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City Charter is clear


The judge has spoken: Meriden’s City Charter is “clear and unambiguous” about how certain appointments are to be made; but the City Council didn’t follow those rules last December; therefore, several of those appointments are invalid.

Judge Jack W. Fischer ruled that appointments to four city boards and committees were not handled correctly because those named were recommended by the former mayor, Democrat Michael Rohde, not by the mayor, Republican Manny Santos — who, in a move that turned out to be shrewd, if untraditional, had taken the oath in the morning, before the Council made its recommendations later that day.

Council Democrats argued that they were simply doing things the way things had long been done — that is, the way things had been done whenever one Democratic mayor was handing off to another Democratic mayor. Santos, the surprise winner from a minority party, called it a “power grab.”

Thus, the appointments of John Benigni to the School Building Committee, David Salafia to the Building Code Board of Appeals, Philip Mangiaracina to the Human Rights Advisory Board and William Kroll to the Municipal Pension Board are considered invalid. Fischer also ruled that Michael Quinn is not the city’s corporation counsel, because the Council reappointed him without Santos’ recommendation.

While Santos presumably is pleased with this outcome, the suits were filed by Republican Town Committee members Anna Neumon and Martin Horsky, and by We the People Chairwoman Lois DeMayo and Jack Biafore, who now is a member of the Republican Town Committee. Santos also received a pro bono outside opinion from prominent Republican Martha Dean.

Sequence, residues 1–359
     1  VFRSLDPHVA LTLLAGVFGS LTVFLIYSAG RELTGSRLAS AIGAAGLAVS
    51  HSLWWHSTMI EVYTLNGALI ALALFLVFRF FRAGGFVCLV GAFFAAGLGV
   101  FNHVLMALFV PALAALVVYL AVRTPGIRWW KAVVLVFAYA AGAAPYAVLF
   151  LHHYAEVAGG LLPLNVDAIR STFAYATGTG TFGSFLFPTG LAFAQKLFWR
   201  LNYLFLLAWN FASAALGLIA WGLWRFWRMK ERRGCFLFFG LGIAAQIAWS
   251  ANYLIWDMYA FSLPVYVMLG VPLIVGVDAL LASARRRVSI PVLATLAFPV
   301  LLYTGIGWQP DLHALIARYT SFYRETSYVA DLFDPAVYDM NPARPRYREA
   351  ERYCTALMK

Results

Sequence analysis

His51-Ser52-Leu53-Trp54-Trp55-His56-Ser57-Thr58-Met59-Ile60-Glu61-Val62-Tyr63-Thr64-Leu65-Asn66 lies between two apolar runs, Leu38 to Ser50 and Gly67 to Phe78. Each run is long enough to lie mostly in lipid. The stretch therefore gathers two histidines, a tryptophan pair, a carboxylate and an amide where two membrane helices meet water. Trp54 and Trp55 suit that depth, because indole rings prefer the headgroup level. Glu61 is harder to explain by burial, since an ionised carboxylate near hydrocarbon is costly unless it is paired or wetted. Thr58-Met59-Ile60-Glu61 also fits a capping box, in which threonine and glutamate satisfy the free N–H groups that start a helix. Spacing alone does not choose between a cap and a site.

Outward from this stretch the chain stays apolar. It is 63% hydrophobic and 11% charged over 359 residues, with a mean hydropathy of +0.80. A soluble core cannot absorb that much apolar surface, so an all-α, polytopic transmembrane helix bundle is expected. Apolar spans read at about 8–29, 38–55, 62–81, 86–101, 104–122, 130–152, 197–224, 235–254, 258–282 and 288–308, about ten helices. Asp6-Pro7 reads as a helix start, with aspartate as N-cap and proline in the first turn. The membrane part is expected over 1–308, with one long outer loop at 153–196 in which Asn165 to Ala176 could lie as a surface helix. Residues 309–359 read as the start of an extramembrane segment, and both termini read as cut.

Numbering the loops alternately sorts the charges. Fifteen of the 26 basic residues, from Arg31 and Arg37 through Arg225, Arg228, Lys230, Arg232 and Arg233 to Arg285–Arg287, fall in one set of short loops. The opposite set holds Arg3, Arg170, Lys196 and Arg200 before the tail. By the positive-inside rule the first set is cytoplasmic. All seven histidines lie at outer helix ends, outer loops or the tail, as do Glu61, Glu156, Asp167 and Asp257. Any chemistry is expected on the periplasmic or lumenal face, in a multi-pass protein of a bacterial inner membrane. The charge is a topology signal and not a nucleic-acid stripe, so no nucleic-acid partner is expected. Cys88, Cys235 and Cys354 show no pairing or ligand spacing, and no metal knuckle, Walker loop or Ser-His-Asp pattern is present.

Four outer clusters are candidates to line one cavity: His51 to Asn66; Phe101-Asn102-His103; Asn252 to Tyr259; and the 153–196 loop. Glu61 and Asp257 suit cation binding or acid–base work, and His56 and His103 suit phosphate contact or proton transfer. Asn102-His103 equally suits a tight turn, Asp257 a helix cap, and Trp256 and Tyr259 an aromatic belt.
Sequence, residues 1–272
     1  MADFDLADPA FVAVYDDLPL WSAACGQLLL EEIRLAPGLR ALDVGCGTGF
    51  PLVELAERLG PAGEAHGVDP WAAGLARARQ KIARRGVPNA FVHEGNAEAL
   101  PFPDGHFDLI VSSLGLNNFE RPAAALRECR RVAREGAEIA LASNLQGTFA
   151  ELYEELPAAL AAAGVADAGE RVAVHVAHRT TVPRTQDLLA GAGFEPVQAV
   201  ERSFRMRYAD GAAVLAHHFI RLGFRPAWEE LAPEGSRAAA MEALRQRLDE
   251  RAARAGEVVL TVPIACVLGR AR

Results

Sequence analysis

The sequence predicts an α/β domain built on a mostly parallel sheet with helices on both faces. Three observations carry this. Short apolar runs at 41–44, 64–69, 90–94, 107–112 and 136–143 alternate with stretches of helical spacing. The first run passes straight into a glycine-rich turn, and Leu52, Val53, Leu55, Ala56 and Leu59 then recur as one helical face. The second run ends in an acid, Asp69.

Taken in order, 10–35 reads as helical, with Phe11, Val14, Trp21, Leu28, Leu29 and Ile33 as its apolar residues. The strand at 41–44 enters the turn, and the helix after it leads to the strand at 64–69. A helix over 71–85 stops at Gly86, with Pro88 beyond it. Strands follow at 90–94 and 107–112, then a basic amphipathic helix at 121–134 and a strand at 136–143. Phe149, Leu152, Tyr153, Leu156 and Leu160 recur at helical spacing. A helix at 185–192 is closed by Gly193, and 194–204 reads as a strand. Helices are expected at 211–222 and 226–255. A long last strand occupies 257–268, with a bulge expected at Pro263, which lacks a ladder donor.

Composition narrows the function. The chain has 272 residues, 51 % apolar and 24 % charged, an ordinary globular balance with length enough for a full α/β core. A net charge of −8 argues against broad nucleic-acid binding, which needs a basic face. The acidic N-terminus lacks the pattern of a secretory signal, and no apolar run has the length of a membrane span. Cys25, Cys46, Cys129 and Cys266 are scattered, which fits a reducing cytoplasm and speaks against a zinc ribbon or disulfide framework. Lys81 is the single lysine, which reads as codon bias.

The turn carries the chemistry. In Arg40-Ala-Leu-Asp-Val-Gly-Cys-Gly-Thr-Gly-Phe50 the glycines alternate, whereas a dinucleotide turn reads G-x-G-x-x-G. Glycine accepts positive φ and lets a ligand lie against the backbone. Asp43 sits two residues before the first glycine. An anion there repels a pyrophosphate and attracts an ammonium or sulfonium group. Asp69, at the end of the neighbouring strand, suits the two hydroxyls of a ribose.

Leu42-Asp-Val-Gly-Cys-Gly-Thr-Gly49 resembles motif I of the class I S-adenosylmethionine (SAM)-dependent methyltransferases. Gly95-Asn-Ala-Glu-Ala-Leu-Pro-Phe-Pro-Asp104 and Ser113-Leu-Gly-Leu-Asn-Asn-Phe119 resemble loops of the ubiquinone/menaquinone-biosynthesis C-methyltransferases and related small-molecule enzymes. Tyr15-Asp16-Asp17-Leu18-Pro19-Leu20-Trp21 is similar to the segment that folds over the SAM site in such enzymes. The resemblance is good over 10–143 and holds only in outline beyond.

Attorney Craig Fishbein, who represented the plaintiffs in the two lawsuits, called the defendants’ arguments “wrong, just plain wrong,” and spoke of “the illegal usurpation” of power.

Santos, speaking outside City Hall Thursday, did use the words “power grab” but also said he didn’t want any gloating.

The Democrats have a point if they disagree with the mayor on principle, or fear that some of Santos’ nominees may lack expertise, but the argument we’ve been hearing since Dec. 2 — that the Council’s Democratic majority was just doing things the way they’ve always been done — is certainly very weak. Although it’s not clear whether any appeals will be filed, on Thursday Quinn said he was keeping that option open.

“I hope they won’t waste any more time and money filing an appeal,” Santos said. But the same argument was made against the initial lawsuits, so that issue may come out as a draw.

Now it’s time for all three parties to put antagonisms aside — at least until the next election — and concentrate on doing the people’s business.



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